Although there is great debate on what makes a "grunt," it seems that a grunt or slump is simmered on top of the stove rather than baked in the oven. Grunts are usually made with berries; the name supposedly comes from the sound the berries make as they simmer. In summer I generally use fresh, but IQF (individually quick frozen without sugar) berries, available in most markets, are a perfectly acceptable alternative. If your pan is large or you just like dumplings, double the dumpling amount recommended here.
- 8 cups fresh or IQF blueberries
- 3/4 cup sugar (or to taste)
- 1/2 cup red wine or water
- 1 tablespoon grated lemon zest (1 large lemon)
- 1 cup all-purpose flour
- 2 tablespoons sugar
- 1 teaspoon baking powder
- 1/2 teaspoon baking soda
- 1/8 teaspoon salt
- 2 tablespoon unsalted butter, melted
- 1/2 cup low-fat buttermilk, plus more as needed
- 2 tablespoons sugar mixed with 1 teaspoon cinnamon
- whipped cream, cinnamon ice cream or sweetened yogurt
- In a deep 8- or 9-inch skillet, combine berry mixture and bring to a simmer over moderate heat.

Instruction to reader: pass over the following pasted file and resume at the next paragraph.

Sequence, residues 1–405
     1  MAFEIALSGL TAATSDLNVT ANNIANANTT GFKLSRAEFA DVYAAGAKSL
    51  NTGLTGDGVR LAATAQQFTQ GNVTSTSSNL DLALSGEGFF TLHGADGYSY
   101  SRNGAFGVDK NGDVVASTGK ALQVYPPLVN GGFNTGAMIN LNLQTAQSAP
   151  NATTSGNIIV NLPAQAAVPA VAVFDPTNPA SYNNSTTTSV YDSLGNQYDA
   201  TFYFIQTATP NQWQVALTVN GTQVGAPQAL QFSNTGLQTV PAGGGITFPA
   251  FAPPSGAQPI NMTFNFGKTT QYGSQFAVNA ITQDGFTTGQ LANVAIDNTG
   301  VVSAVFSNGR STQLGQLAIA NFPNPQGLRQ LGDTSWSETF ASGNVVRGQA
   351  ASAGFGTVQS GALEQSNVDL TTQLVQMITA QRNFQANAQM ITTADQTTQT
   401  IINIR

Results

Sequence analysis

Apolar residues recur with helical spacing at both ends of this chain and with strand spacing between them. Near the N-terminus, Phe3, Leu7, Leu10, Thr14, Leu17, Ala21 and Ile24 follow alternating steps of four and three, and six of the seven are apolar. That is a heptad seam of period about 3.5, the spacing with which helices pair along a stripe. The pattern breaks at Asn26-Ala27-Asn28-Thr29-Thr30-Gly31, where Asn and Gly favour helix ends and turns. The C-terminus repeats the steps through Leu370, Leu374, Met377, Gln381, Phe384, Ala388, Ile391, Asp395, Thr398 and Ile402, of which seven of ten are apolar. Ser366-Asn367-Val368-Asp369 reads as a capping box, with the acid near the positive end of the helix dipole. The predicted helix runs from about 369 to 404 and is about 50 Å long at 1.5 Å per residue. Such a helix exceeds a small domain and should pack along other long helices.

- While berries are cooking, make the dumpling dough: In a mixing bowl, stir together the flour, sugar, baking powder, baking soda and salt. Stir in the melted butter. Add enough of the buttermilk to form a soft, sticky dough that is slightly wetter than a biscuit dough.
- Using a soup spoon, place rounded spoonfuls of the dough over the fruit, forming small dumplings. Sprinkle the dumplings with the cinnamon sugar, to taste. Tightly cover the skillet with a lid or a sheet of foil and steam the mixture over medium-low heat, without opening the lid, until the dumplings are set and puffed and the surface is dry when touched, about 15 minutes.
- To serve, spoon the warm grunt into serving bowls and top with whipped cream, ice cream or sweetened yogurt.
Amount Per Serving
* Percent Daily Values are based on a 2000 calorie diet.
Calories 361,Fat 5,Perfat 12,Cholesterol 11,Carbo 78,Protein 4